Sensory Overload

Last night we braved the crowds and participated in what I like to call the Ikea Marathon Extravaganza. I recommend you do not do the marathon alone. If I had been there alone, the Ikea employees would have found me curled in the fetal position in one of the many mock bathtubs.
This place, a fantasy land for bargain shoppers and impulse buyers, is filled to the brim with everything you could possibly want for your home and tons of stuff you never knew you needed until you saw it in assorted bright colors in a bin marked $2.99. $2.99! I'll take five!
Being a dirt poor college student, I did a lot of picking up cheaply priced items, like spaghetti containers or lamps, carrying them around for a bit and then putting them back.
An hour into the marathon, I realized I hadn't blinked since I got in the store. My eyes ached, my feet ached, and goddammit that lady just ran me over with her goddamn cart!
I would turn around to find Dave and he'd be standing next to a bedroom staring off into space.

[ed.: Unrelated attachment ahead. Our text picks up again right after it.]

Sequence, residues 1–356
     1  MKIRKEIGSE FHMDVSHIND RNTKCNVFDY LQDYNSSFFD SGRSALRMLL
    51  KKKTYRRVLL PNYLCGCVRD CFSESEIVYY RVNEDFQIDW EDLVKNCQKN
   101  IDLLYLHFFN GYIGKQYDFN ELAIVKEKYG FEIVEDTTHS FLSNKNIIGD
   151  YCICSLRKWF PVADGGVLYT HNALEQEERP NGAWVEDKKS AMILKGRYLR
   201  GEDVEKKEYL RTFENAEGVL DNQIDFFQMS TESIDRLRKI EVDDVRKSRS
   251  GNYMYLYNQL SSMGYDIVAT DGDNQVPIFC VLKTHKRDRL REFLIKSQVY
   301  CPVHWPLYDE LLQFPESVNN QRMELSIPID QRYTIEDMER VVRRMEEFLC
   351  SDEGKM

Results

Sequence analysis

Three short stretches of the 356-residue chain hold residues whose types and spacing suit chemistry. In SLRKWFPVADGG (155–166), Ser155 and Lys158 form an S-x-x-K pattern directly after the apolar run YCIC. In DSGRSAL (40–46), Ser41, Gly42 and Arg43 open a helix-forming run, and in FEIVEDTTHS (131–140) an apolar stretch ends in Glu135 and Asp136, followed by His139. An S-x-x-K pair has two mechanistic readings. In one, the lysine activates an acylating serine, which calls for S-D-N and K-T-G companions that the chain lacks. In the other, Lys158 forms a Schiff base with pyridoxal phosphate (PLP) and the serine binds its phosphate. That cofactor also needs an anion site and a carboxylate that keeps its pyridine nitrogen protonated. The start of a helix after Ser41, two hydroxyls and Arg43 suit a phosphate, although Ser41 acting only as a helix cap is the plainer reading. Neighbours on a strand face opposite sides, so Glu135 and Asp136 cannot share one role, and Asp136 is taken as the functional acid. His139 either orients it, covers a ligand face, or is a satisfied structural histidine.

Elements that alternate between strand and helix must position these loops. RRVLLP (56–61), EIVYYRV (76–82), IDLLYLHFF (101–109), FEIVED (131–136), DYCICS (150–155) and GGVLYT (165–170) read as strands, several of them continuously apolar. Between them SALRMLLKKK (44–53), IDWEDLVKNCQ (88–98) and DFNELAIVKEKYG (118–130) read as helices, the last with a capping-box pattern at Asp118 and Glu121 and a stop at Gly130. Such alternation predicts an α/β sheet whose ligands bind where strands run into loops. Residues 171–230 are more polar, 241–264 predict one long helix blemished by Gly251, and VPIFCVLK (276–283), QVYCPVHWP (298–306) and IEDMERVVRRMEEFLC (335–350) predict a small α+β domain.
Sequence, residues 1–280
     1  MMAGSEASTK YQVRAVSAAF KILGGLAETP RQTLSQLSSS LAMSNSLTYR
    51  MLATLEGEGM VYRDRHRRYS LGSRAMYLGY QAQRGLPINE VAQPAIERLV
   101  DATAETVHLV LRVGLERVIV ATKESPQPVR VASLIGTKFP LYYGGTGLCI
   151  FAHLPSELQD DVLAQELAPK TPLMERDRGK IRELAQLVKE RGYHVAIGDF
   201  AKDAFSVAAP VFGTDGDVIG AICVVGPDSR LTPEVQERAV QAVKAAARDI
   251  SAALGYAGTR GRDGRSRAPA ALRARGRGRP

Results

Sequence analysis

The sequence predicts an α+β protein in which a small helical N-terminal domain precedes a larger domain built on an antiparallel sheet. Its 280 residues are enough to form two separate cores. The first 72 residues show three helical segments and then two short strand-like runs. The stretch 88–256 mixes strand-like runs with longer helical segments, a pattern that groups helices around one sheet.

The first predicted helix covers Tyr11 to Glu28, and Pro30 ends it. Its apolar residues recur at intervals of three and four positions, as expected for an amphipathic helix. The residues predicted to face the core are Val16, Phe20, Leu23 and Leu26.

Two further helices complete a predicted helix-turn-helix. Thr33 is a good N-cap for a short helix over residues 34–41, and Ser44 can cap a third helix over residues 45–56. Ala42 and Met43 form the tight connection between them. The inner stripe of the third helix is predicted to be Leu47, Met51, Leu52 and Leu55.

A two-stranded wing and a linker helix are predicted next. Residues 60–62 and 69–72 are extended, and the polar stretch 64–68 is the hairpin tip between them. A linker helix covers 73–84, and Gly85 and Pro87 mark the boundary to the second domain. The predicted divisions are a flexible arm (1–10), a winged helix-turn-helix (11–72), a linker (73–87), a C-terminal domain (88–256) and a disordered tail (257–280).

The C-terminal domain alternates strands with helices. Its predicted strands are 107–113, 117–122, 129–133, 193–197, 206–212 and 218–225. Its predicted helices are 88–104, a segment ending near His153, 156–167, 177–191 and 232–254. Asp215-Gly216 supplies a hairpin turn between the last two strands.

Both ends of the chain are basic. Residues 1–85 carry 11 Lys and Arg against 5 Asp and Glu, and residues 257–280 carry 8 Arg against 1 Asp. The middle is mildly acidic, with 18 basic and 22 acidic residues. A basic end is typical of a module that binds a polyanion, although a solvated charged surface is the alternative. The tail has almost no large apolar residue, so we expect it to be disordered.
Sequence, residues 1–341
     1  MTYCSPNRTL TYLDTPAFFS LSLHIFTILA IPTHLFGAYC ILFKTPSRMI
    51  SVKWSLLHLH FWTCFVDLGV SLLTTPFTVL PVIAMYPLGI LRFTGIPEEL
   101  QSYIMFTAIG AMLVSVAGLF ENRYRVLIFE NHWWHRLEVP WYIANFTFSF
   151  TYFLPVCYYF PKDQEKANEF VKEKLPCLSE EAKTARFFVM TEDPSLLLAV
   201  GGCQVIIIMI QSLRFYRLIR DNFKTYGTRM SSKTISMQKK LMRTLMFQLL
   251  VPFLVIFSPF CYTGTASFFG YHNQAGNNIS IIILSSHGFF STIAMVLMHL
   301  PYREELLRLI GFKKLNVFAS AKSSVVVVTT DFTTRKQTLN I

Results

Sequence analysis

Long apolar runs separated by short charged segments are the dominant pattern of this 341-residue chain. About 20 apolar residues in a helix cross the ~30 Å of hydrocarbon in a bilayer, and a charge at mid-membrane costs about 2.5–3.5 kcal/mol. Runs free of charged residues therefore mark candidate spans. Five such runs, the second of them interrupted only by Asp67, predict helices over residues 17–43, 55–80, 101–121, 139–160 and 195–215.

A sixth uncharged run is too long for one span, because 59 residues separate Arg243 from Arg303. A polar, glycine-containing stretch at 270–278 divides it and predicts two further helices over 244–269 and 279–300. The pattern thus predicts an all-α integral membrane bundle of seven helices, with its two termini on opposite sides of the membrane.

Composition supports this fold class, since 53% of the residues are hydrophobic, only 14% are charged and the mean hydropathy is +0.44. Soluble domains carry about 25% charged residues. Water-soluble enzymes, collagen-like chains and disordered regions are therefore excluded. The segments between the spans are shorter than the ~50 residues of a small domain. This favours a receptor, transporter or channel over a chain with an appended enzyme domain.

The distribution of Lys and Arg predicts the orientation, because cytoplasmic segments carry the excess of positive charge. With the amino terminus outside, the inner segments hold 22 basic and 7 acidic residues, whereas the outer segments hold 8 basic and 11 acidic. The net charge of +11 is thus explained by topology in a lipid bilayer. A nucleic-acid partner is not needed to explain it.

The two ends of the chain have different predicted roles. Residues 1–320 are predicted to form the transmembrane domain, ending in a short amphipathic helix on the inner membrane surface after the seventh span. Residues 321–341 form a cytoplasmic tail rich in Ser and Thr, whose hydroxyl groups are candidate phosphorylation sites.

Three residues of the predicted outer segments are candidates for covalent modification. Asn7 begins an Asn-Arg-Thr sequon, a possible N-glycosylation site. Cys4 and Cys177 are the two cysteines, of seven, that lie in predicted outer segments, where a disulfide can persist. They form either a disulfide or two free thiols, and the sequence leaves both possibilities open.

"Oooh, it's a window," he'd say.

"Yeah. C'mon," I'd say and guide him back to the path.

I didn't start to lose it until I was wandering around the candle section, the only place I was set on picking something up and carrying it with me to the checkout. I found a cute little tea light holder, only 50 cents, and proceeded to drop it on the floor. It clinked and clanked as it bounced on the tile. Thank Jesus it didn't break or I would have had a melt down. I picked it up and put it back in the bin as Dave rounded the corner.

"This is the part in the game where I say we just look at what we're going to buy and then get the fuck out of here," I said.

By the time we got to the check out line we had to wait behind at least a hundred people before purchasing our stuff. Dave and I stood there like zombies for about 20 minutes. I eavesdropped on conversations. Contemplated buying a couple of bars of Swedish chocolate and a box of Swedish meatballs. And complained about how hungry I was, how bad my feet hurt, how tired I was.

The marathon, in its entirety, took a good four hours. This includes driving there, walking through the whole store, refueling at Jason's Deli and driving back. One of these days I'll be a pro. I'll know the lingo, know the shortcuts, know how to deal with crazy old ladies that run me over with their carts, remember to blink. But until then, I've gotta rest up for the next trip.


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